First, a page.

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  1. 5 points
    I haven't been able to collect more data as yet due mostly to wind on the few nights it's been clear so I have had a play with what I have available so far. Approx 8.5 hrs total LRGB integration, only a quick throw together in PI . Shane
  2. 5 points
    Narrowband Image of dust pillars inside the Rosette. Total exposure time 9 hours, Ha, SII and OIII @ 3hr each. Noise removal in PixInsight, colour balance and layer merging in photoshop (haven't got that far with PI yet). Image still needs to be sharpened and stars also need some attention, I'll work through these over the next couple of nights. This is about half the size of the chip at 2x2 binning, so I'm getting some good printable pics for my wall, not to mention good image scale (the C14 goes deep). Worth doing a quick comparison. Click here for a random pic of the Rosette on Google, my C14 FOV only captures what is below, you can see the image scale of the pillars in that photo on Google. So the C14 is resolving great detail IMO. However at this focal length, everything from guiding, collimation, wind, focus is torturous. Comments feedback welcome. Anyone know how to sharpen stars in PI please? Cough, Erhem, Shane, erhem, Cough. Ray
  3. 4 points
    I am going to start the ball rolling for this Christmas with a photo from my good friend Kerryn Murphy, a very keen photographer and Astronomer. Kerryn holds all rights to this photo. Having said that may I wish everyone on the Forum a very happy Christmas and Great New year from Perth Dave, Valentina and Mark. Image of Fir tree topped out by Venus. Great Stuff Kerryn
  4. 4 points
    Over 25-hours of total imaging time using 10, 20 and 30-minute subs on the Sky 90s and M26C OSC CCDs Greg
  5. 4 points
    And here's the Digital Sundial working for real out in the garden this morning. Compass to point North and protractor to set up latitude Greg
  6. 4 points
    Here is an NB image with no luminance added yet. About 3 hours per channel. Took a while to accumulate all the data and I throw away quite a bit that doesn't cut the mustard. I use CCD Inspector on every sub frame that comes in and I make live focus adjustments throughout the imaging run to ensure focus stays tack sharp. I do PA, collimation before every imaging run these days. My pier will suffer from PA drift as well due to temperature changes at the FL of 4 metres, but I'm overcoming all these challenges and loving it. Admittedly once the observatory is open, I do most of my AP from the couch with Teamviewer on my iPhone. There are some beautiful foreground dark nebulae (top centre, left and right sides and lower left) that come out well because of the bright background. I've done this object before in RGB but never in NB and never up this close, but I'm impressed with how active and dynamic the object is. I could still probably tighten up those stars and reduce the red halos but I'm happy with the result. C&C's welcome as always. Ray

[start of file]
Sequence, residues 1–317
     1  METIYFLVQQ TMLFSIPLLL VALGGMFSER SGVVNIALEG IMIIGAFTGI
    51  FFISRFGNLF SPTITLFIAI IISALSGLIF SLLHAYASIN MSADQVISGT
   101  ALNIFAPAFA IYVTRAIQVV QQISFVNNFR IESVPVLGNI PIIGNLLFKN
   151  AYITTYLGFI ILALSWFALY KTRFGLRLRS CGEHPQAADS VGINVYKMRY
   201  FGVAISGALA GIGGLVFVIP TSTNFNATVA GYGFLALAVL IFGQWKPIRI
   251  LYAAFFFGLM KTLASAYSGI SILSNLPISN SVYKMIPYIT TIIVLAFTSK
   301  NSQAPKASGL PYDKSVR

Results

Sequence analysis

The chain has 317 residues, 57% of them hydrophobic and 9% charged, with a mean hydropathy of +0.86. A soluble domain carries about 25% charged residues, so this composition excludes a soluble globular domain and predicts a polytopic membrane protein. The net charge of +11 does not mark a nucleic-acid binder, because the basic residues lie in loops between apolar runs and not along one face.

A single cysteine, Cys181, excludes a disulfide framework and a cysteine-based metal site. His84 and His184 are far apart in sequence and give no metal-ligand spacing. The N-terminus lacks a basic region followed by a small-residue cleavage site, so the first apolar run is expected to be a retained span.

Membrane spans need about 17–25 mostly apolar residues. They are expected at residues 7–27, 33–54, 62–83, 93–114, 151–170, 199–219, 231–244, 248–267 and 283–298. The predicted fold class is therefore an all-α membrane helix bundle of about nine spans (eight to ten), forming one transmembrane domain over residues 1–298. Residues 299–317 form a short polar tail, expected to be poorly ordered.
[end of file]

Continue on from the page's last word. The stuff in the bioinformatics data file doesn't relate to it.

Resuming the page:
7. 4 points
    Noel Carboni added another 9 x 40-minutes to the previous data: Greg
  8. 4 points
    Hi all, Thought I'd give this a go to try a few things as I rattle my brain trying to remember imaging. This planetary is way too small for my set-up. I know it's not centred and far from great, but I just wanted to check the edges of the image using a basic star field with a bonus small object. Plus I've never looked at this object either. I'm going to try my 0.85x focal reducer to see if it helps or makes the edges worse. At least the guiding seemed to be alright. Dan
  9. 4 points
    Narrowband image shot with QHY9M.
  10. 4 points
    Hi all, Been a long time. New hobby of fatherhood has been consuming. But anyway...trying to get back into it. Here's my first attempt for ages. I've discovered a few issues. My memory for starters. Plus a bit of focal tilt. Got some time off work to sort out though. Sorry - Not sure how to upload a better quality pic either. What's the max file size again? My original sizes are approx. 350,000 KB. Talk soon, Dan.
  11. 4 points
    This panorama depicts the emission nebula along the edge of one of Milky Way's giant molecular clouds, is part of a larger mosaic which can be viewed here Imaging telescope or lens: Vixen VSD 100 f/3 Imaging camera: Sony ICX814 Mount: Software Bisque Paramount MX Guiding telescope or lens: Vixen VSD Guiding camera: sx loadstar Software: Sequence Generator Pro, Photoshop CS5, PixInsight 1.8, PHD Filters: Chroma OIII 3nm, Chroma Ha 3nm Locations: Home observatory, Valencia, Spain
  12. 4 points
    It's been some time since I have visited (something like 4 years or there abouts). I thought I might post one of my recent images of the Eagle Nebula. Taken in NB and RGB wash. Only 12 hours in total but acceptable levels of noise in my opinion. Click here for large resolution image.
  13. 4 points
    Got bored of not getting any practice in with the moon so prominent at the moment so shot a quick 30 sec of each LRGB Shane